Nora Paul

    Tagged: games eyetracking usability
    • Your comments, Nora, struck home. In the years that Gotham Gazette has been doing games — going back to 2002 — we’ve grappled with many of these issues. One reason we’ve embarked on the challenge of creating six policy or news games in the next two years is becaue we’re always looking for ways engage people in an issue who might not read an article about it. But, as you say, it’s a fine line to walk: how do you attract ne people without earning the scorn of others who will see you as “dumbing down.”

      But if one can be even partly successful at striking that elusive challenbeg, games offer a very clear beneit, to both the cognoscenti and the uninitiated. They can dramatically illustrate a problem, particularly in a somewhat dry policy area, in a way that few conventional stories can.

      When we did our Garbage Game last fall, we heard from a number of readers, particularly ones who considered themselves environmentally conscious, that the game made them appreciate the sheer volume of garbage New York produces and how difficult it is to significantly reduce our waste. Similarly a simple budget game we did when the city faced tough fiscal times in 2003, dramatized how there are few easy choices: schools, parks, police — all the services we want — cost money and lots of it. Even as seemingly pleasant a policy chore as designing a new park presents difficult decisions: How will that limited amount of space be used and for whose benefit?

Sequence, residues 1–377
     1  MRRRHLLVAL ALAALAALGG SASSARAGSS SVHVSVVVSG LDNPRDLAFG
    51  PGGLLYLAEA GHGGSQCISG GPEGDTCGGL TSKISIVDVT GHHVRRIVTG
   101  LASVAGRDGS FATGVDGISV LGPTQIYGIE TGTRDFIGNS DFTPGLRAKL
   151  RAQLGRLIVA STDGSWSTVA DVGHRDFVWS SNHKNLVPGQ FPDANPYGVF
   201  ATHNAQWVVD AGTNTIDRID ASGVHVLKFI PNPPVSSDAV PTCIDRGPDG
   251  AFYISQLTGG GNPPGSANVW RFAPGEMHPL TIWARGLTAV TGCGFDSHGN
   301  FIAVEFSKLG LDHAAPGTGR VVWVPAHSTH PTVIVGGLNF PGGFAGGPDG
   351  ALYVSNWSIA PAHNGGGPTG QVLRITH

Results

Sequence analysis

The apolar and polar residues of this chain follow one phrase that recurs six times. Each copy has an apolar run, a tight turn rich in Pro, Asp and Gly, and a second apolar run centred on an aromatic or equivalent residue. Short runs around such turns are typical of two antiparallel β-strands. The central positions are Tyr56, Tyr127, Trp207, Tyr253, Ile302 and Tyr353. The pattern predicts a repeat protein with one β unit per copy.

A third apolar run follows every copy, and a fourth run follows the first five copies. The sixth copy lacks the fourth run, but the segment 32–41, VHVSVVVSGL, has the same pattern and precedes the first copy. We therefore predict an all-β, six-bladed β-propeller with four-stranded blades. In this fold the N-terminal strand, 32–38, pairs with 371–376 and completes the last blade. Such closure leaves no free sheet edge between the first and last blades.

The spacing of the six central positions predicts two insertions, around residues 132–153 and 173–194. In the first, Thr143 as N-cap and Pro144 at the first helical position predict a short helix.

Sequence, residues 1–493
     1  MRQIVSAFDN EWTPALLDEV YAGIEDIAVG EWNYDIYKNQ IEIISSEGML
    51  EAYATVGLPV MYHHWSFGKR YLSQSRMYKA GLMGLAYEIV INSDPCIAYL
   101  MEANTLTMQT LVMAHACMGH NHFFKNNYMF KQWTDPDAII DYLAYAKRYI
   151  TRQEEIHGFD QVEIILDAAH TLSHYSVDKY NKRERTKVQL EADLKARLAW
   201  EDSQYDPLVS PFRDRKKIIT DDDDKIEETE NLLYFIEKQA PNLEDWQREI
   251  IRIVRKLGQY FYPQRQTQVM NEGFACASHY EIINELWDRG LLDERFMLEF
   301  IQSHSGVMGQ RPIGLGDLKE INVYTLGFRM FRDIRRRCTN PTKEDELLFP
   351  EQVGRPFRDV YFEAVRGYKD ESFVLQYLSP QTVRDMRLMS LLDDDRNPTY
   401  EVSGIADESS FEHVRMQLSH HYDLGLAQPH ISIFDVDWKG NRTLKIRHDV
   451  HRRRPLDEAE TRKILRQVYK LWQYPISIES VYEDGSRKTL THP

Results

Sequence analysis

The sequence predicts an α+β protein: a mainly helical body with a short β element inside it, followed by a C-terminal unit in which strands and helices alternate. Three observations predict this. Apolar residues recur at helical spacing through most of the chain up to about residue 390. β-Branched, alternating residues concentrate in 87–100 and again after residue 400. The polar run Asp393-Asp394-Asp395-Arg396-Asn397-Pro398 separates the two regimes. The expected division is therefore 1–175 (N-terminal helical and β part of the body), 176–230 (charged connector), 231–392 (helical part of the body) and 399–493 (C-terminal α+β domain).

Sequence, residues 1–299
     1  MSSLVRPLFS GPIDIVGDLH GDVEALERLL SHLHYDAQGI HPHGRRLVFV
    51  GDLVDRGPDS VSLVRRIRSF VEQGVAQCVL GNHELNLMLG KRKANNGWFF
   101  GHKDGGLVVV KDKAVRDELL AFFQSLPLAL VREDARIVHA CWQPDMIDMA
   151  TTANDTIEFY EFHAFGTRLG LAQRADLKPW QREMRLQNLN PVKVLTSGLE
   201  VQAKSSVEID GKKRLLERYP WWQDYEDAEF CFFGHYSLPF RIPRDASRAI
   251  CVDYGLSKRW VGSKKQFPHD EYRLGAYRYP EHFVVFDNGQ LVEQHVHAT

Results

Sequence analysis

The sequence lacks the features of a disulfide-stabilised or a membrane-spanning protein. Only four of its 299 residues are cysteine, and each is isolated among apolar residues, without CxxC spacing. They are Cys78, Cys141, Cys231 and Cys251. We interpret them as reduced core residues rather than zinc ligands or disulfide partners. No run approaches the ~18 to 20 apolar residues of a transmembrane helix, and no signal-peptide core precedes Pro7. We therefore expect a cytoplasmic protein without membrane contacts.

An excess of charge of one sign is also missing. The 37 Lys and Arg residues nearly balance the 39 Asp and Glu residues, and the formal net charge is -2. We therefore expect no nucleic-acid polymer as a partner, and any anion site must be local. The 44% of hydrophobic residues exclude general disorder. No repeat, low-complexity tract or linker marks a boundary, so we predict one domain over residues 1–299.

Helping readers understand the complexity of choices that confront government and society can only help advance informed public debate. Even if it only helps a little bit it seems worth doing — and doing it in a way that will engage and inform the widest array of readers.

    • Gail — I completely agree with the value of presenting information in this engaging way. And maybe it is just a problem of terminology – as it is with so many other aspects of online media.

      Maybe these should be called “interactive infographics” rather than “games” so that gamers wouldn’t have expectations for what be part of the “game play.”

      Maybe this is the new category for story forms online – ones that are delivering a lot of information about a complex issue in a way that compels, and rewards, the user to delve in deeply. If we say, “Hey, we want you to look at this interactive infographic to learn about garbage – and you can win points while going through it.” rather than “Hey, come play this game about garbage.” we might be more accurate about what we are actually delivering – and not setting us up for either high levels of expectation from gamers or disinterest by those self-professed “non-gamers.”

      It may just be semantics…but it may help in the discussion to make that distinction.

      One of the things we are going to be check